Iran, Germany Private Sectors Take Stock of Trade Challenges
EghtesadOnline: High-level representatives from the private sectors of Iran and Germany convened in Tehran to discuss challenges and come up with mutually beneficial ways of finding solutions to issues created by the reimposition of US sanctions against Tehran.
The meeting took place in Tehran on Tuesday between representatives of the International Department of Iran Chamber of Commerce, Industries, Mines and Agriculture and their counterparts from the Berlin Chamber of Commerce, the official news website of ICCIMA reported.
The two sides discussed imports restrictions, banking channels, money transfer issues, visa issuance troubles for businesspeople and the exit of Germany companies from Iran in spite of the European nation's continued commitment to the Joint Comprehensive Plan of Action, the formal name of Iran's nuclear deal with world powers.
Berlin has said it will help German companies stay in Iran after the US announced in May its unilateral withdrawal from the nuclear deal Iran signed with world powers in 2015, according to Financial Tribune.
But the major German companies withdrew or scaled back their activities in Iran, according to DW, include Volkswagen, Daimler, Commerzbank, Deutsche Bank, DZ Bank, Siemens, Lufthansa and Deutsche Bahn, among others.
Abbasali Qasaei, the head of Iran-Germany Chamber of Commerce, welcomed the German delegation and said it is a good opportunity for businesspeople to directly relay their concerns and problems, and pursue their resolution.
> Call for Transparency in EU Support Package
Pointing to measures underway by the European Union to maintain ties with Iran in the face of US sanctions, Qasaei said the rescue package must be clear and transparent in technical terms to be able to prove useful.
German Foreign Minister Heiko Maas said recently that Berlin, Paris and London were working with Iran on a payment system that could allow the continuation of business transactions after US sanctions start.
EU foreign policy chief, Federica Mogherini, announced in late September that a Special Purpose Vehicle to facilitate trade with Iran could be in place before November when the second batch of US sanctions against Iran are set to be reimposed.
European diplomats have described the SPV proposal as a means to create a barter system, similar to one used by the Soviet Union during the Cold War, to exchange Iranian oil for European goods without money changing hands.
> Major Trading Partners
During the ICCIMA meeting, Mohammad Reza Karbasi, the chamber's deputy for international affairs, stressed that Iran and Germany must pursue trade opportunities more seriously, considering the sensitive nature of current conditions.
"Germany was among the first countries to send several delegations to Iran following the implementation of JCPOA [in January 2016] and signed several good deals both at the level of the government and private sector," he said.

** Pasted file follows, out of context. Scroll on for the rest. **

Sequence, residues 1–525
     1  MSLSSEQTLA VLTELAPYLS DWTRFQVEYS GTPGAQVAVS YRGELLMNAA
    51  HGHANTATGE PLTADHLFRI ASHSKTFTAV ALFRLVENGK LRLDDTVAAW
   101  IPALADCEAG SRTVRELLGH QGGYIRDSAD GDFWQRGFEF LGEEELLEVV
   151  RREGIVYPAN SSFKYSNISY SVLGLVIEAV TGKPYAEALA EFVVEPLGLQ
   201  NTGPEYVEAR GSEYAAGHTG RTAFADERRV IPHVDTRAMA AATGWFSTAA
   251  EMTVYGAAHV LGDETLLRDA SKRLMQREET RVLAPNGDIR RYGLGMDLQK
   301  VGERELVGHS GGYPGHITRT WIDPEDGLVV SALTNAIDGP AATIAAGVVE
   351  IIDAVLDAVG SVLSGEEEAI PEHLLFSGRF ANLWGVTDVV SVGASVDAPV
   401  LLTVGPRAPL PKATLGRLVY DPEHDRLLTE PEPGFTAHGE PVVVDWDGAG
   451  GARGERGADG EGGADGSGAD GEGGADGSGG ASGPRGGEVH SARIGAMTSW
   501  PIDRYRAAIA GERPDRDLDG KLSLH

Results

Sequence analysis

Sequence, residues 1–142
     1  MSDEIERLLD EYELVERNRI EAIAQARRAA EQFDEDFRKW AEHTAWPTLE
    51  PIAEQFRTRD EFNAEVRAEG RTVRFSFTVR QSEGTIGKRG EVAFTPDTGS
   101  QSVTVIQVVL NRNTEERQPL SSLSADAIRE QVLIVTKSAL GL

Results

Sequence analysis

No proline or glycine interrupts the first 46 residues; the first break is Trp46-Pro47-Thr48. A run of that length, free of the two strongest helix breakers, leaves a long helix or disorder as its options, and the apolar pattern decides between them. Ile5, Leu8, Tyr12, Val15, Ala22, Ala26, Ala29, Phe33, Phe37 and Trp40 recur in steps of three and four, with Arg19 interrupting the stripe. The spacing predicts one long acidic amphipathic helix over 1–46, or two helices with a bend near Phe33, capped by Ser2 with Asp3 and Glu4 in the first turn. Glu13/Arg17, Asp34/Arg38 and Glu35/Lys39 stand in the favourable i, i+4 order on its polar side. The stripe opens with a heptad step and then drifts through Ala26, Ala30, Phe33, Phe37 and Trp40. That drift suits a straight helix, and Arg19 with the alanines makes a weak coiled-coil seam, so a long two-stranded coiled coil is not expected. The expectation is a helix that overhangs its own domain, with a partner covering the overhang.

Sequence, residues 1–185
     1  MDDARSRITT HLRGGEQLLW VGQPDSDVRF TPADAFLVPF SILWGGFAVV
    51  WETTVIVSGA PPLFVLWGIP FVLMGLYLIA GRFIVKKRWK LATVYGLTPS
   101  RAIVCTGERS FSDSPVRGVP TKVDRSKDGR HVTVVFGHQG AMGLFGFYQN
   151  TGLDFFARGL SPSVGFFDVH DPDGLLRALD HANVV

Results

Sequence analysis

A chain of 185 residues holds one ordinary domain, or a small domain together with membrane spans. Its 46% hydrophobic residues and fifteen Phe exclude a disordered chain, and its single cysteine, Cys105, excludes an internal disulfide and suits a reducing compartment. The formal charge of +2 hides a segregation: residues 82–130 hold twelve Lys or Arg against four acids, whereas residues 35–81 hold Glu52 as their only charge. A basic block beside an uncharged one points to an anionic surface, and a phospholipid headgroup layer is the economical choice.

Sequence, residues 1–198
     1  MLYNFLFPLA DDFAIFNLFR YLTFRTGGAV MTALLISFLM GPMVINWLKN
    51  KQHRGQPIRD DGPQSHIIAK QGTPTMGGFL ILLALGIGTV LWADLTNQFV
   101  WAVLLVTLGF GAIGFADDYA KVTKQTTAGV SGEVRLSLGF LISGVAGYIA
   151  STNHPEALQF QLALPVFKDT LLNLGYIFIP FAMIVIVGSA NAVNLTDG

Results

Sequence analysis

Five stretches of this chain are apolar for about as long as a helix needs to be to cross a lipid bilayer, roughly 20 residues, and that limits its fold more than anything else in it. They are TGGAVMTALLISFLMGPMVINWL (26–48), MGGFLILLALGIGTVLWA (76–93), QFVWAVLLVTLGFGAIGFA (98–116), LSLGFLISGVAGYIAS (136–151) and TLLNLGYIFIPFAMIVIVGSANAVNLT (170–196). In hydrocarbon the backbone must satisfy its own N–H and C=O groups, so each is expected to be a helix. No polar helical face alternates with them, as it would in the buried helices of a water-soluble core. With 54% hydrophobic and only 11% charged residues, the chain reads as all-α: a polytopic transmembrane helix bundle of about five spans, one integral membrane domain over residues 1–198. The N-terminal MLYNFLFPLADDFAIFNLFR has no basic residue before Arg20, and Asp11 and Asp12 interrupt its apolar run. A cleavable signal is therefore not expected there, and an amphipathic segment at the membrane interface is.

Karbasi noted that bilateral ties have taken a hit even as Germany is staying in JCPOA. He did, however, concede that it is understandable since Germany-US trade of €110 billion cannot be compared to the European country's trade with Iran that stands at just €3 billion.
Germany remains among Iran's biggest trading partner in the European Union. In 2015, when the Iran deal was reached, German exports grew 27%. In 2017, German exports to Iran were worth an estimated €3.5 billion ($4.2 billion).
> Willing to Maintain Ties Despite Difficulties
Dagmar von Bohnstein, the representative of Berlin Chamber of Commerce for Iran, emphasized during the meeting that German companies and their private sector are willing to maintain cooperation with Iran.
However, he said maintaining economic ties with Iran by the European Union is very difficult under the current circumstances since the companies will unwillingly face US sanctions due to their ties to the US and the tangled nature of international economy.
German banks are increasingly refusing to accept payments from Iranian banks, apparently more scared of the US than of the EU. As a result, some German small- and mid-sized exporters could face bankruptcy.
“Eighty to 85 percent of all payments to German banks are being rejected,” Helmut Gottlieb, director of the Hamburg branch of Bank Melli Iran, told DW.
Bohnstein said politics and economics are two sides of the same coin and one cannot be simply ignored. He called on Iran's government to eliminate some of the restrictions it has slapped on imports so that barriers facing German companies wishing to work in Iran will be alleviated at least at the local level.
Amid the currency crisis that ensued after the US withdrawal from JCPOA, Iran has banned the import of more than 1,000 categories of goods to economize on foreign currency.
Representatives of Iranian companies in the meeting proposed that the Iran-Germany Chamber of Commerce would establish a think-tank comprising private sector and businesspeople to better address the problems.